The weird sense of disconnect is heightened by the fact that in this piece a man who calls me a cunt and describes Vanessa Beeley – a reporter who defends Damascus and rightly condemns the dirty war on Syria – as “too ugly to fuck” actually uses the female universal pronoun.
I could go on, really I could …
I’m a long term admirer of Jonathan Cook. The former Guardian journalist3 is remarkably skilled at dissecting both ruling class devilry – without ever using such terms – and media collusion with said devilry. His language is always calm, simple and on the nail.
Journalism is an activity, and anyone who regularly engages in that activity qualifies as a journalist. It is not the same as being a doctor or a lawyer, where you need a specific professional qualification to practice. You are a journalist if you do journalism – and you are an investigative journalist if, like Assange, you publish information the powerful want concealed …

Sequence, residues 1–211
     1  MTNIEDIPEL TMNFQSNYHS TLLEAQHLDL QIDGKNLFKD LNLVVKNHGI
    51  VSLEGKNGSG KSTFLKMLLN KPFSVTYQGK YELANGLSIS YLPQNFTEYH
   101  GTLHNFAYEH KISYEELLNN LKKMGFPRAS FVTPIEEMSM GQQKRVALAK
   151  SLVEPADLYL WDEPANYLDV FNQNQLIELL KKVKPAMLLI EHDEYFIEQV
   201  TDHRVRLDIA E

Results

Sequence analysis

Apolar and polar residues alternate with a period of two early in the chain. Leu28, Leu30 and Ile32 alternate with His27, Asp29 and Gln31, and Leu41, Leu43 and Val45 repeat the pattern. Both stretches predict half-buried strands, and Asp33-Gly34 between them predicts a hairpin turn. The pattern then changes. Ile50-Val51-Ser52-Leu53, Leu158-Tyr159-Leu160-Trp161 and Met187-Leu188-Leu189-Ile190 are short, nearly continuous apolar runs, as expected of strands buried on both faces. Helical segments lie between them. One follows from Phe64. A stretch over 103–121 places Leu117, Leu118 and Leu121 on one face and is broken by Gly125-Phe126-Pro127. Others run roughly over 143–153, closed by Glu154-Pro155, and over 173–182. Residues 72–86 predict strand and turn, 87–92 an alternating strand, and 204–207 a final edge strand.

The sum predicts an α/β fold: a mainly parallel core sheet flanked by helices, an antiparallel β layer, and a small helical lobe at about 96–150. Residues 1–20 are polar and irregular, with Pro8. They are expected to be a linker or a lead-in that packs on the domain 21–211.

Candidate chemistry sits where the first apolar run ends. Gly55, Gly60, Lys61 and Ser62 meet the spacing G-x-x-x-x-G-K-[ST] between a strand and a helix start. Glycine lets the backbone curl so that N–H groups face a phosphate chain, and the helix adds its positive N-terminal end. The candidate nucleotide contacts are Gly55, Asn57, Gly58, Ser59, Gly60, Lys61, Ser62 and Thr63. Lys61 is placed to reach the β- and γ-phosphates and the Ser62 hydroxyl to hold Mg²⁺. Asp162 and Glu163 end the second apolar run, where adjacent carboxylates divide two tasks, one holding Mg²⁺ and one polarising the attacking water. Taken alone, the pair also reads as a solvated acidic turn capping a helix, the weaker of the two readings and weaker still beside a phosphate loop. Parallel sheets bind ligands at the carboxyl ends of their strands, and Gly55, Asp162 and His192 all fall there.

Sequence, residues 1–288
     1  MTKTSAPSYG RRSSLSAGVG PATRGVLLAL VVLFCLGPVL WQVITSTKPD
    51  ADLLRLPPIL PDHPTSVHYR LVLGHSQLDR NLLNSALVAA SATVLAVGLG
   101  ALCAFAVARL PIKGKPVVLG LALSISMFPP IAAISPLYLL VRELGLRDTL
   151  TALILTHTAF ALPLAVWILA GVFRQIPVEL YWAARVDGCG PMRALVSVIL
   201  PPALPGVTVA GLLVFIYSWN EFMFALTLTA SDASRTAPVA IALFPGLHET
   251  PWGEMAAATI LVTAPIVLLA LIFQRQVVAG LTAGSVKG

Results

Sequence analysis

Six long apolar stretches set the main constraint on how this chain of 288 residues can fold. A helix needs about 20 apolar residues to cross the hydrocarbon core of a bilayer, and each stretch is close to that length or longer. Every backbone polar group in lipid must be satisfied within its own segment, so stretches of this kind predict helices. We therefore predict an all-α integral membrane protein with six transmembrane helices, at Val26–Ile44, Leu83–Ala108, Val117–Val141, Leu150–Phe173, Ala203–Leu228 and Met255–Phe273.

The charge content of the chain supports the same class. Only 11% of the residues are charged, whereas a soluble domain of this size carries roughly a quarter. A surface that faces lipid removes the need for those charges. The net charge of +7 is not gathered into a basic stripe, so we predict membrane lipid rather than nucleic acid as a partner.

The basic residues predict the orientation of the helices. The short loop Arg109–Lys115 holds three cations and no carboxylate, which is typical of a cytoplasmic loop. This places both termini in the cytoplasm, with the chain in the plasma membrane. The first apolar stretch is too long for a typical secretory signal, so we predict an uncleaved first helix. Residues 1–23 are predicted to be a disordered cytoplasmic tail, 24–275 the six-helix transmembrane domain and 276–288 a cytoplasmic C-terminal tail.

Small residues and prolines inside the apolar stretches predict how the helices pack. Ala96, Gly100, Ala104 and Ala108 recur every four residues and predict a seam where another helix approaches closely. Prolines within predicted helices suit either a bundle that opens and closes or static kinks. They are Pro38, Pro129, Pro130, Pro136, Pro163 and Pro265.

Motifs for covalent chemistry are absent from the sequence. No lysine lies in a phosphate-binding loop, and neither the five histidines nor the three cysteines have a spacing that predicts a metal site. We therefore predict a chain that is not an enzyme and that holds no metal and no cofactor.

… Assange was doing exactly what journalists claim to do every day in a democracy: monitor power for the public good. Which is why ultimately the Obama administration abandoned the idea of issuing an indictment against Assange. There was simply no way to charge him without also putting journalists at the New York Times, the Washington Post and the Guardian on trial too. And doing that would have made explicit that the press is not free but works on licence from those in power.